Information for STOR 565 (Spring 2014)
Note: Information subject
to change. Please check back for changes.
learning refers to a broad family of methods for gaining
information about a phenomena or object of interest from
empirical observations. Machine learning draws on ideas from
statistics, optimization, computer science, and probability,
and has been used to address a number of substantive applied
problems. STOR 565 is an advanced-undergraduate /
masters level course intended to provide a broad-based
introduction to machine learning that is suitable for students
with appropriate mathematical and statistical background.
Prerequisites: MATH 233,
STOR 215 or MATH 381, STOR 435, and MATH 547 (linear
algebra). Recommended: STOR 555 (statistical
inference). Some prior experience with basic programming
is desirable, but is not required.
Class Meetings: Class will be held Tuesday and Thursday
2:00 - 3:15pm in Hanes 130. In addition, there will weekly
review session on Wednesday from 6-7:30pm in Hanes 130,
run by the TA.
Registration: Enrollment and registration for
the course is handled by Christopher Schrieber in the
Department of Statistics and Operations Research. Mr.
Schrieber can be reached by email at
email@example.com. Please note that the
instructor does not have control over the class rolls.
Instructor: Andrew B. Nobel, Department
of Statistics and Operations Research
308 Phone: 962-1352.
Office Hours: Monday 2:30-3:30pm, Wednesday
Teaching Assistant: James Wilson
Hanes B40 Email:
Office Hours: TBA
Textbook: At present, there is no
required textbook for the course. Lecture material will come
from different sources; we will provide links to relevant
online material and appropriate lecture notes.
Other Texts: Much of the material in the course is covered, at
a slightly more advanced level, in the text ``The Elements of
Statistical Learning: Data Mining, Inference, and Prediction,
by T. Hastie, R. Tibshirani, and J. Friedman'', which is
publicly available online. Other books that may be useful are
``Topics in Finite and Discrete Mathematics'' by Sheldon Ross,
which contains the probability background for the course, and
``Discrete Mathematics'' by Kenneth Rosen, which contains
background material on logic and basic mathematical reasoning.
Grading: There will be a midterm
examination, and a comprehensive final examination. In
addition there will be regular homework assignments, and
several computer assignments using the R programming
language. The final course grade is based on a weighted
sum of Assignment, Midterm and Final scores (not alphabetic
grades) using the following weights.
|Homework and Computer
|Final and Final
Policy for Homework and
Computer Assignments: Homework and computer
assignments will be posted on the course web page, and in
most cases will be due once a week. Assignments will be
collected at the beginning
of class on the day that they are due, so please be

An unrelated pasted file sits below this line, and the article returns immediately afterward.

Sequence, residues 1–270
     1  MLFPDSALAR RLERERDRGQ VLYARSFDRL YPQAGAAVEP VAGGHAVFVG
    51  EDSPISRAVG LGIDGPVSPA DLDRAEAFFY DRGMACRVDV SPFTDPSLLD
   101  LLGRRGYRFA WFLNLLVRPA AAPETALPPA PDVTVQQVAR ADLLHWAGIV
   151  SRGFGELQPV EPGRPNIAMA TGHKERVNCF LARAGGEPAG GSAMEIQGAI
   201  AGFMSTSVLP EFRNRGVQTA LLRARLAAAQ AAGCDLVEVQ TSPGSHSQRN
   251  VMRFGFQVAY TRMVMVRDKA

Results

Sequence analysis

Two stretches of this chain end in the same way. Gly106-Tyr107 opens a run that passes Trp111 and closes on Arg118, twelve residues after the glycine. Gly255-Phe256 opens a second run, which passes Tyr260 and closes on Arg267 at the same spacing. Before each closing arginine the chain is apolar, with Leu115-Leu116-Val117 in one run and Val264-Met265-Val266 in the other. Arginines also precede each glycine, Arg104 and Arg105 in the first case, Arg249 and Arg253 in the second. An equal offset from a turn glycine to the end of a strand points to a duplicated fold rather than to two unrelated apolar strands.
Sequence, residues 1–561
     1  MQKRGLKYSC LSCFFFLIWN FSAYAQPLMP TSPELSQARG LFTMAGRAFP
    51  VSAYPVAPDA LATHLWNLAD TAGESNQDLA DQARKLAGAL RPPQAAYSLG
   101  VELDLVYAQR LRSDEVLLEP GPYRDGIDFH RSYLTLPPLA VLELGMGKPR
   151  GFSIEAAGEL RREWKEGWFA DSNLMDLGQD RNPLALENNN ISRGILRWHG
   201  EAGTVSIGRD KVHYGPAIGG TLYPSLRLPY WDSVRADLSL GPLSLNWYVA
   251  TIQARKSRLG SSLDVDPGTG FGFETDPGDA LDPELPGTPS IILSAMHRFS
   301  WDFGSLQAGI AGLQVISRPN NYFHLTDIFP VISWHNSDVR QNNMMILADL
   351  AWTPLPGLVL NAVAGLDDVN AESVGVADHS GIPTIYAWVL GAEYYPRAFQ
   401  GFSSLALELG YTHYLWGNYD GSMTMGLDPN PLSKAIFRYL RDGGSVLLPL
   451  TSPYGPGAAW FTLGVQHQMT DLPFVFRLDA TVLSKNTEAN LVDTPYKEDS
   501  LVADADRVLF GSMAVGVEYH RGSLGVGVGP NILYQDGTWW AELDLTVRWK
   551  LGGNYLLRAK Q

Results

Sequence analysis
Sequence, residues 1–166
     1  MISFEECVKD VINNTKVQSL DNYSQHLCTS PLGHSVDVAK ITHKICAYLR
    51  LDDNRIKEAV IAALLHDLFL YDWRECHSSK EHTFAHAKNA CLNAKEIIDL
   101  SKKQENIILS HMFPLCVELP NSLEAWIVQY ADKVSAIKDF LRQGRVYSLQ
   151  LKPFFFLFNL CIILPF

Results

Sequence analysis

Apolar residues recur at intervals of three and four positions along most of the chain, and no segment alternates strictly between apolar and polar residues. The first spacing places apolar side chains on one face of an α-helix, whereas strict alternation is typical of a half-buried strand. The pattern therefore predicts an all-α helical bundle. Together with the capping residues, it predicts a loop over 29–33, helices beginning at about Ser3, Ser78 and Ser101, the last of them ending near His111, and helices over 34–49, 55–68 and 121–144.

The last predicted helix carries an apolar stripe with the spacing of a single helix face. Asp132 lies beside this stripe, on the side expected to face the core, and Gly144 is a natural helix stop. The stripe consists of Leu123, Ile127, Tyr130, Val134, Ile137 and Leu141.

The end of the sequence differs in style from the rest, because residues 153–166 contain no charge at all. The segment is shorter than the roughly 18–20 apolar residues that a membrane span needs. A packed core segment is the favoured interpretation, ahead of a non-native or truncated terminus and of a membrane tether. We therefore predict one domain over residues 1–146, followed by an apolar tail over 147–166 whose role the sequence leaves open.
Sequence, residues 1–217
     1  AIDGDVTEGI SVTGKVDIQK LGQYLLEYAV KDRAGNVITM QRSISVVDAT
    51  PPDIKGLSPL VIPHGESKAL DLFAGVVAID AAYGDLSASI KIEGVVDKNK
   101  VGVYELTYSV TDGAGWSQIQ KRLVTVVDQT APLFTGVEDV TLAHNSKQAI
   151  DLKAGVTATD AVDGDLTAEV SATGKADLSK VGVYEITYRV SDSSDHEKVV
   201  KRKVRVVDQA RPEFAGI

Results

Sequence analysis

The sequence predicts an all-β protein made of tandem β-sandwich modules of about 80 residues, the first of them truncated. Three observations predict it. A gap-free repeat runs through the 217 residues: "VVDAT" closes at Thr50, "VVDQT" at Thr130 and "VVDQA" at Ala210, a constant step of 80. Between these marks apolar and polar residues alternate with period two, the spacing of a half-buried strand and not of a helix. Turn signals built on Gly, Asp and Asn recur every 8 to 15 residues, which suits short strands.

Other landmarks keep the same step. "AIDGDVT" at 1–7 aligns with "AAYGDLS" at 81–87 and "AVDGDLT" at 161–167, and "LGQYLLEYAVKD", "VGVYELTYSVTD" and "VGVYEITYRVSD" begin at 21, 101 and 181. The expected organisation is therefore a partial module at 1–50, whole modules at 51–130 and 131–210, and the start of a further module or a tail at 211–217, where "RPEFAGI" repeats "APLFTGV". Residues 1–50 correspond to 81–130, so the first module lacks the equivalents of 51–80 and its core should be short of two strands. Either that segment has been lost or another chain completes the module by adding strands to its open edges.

prepared to turn in your homework at that time.
Each assignment will be graded: late/missed assignments
will receive a grade of zero. In computing a
student's overall score for the course, their two lowest
assignment scores will be dropped. This latter provision
is meant to cover exceptional situations in which a
student is unable to turn in an assignment due to
circumstances beyond his/her control. Under ordinary
circumstances, students are expected to turn in every
homework and computer assignment.
To receive full credit
on the homework assignments, you must clearly label each
problem, neatly show all your work (including your
mathematical arguments), and staple together the pages of
each assignment in the correct order. Please write
your name or initials on each page. You should give a
clear account of your reasoning in English, and use full
sentences where appropriate.
You are allowed to
discuss the homework and computer assignments with other
students, but must prepare each assignment by
yourself. Copying of another person's answers or
code is not allowed. Any questions regarding the grading
of homework or computer assignments should first be
addressed to the TA. If you are absent from class
when an assignment is returned, you can get your paper
from the TA during their office hours.
Exam Policy and Scheduling:
There will be one in-class midterm exam, and a
comprehensive final exam, also in-class. All exams
will be closed book and closed notes, and without
calculators. Tentative exam dates are as follows.
The midterm will be given around the middle of the
semester. The final exam will be given at the date
and time specified in the official University Final Exam
the Midterm is returned, a rough correspondence between
numerical scores and letter grades for that individual exam
will be provided. These letter grades are not a
prediction of your final grade. Any student whose
score is in the D or F range should come to the
instructor's office hours.
Classroom Protocol: Please show up on time, as
late arrivals tend to disturb those already present.
Reading of newspapers and the use of laptops, tablets, and
phones, is not permitted during class. Attendance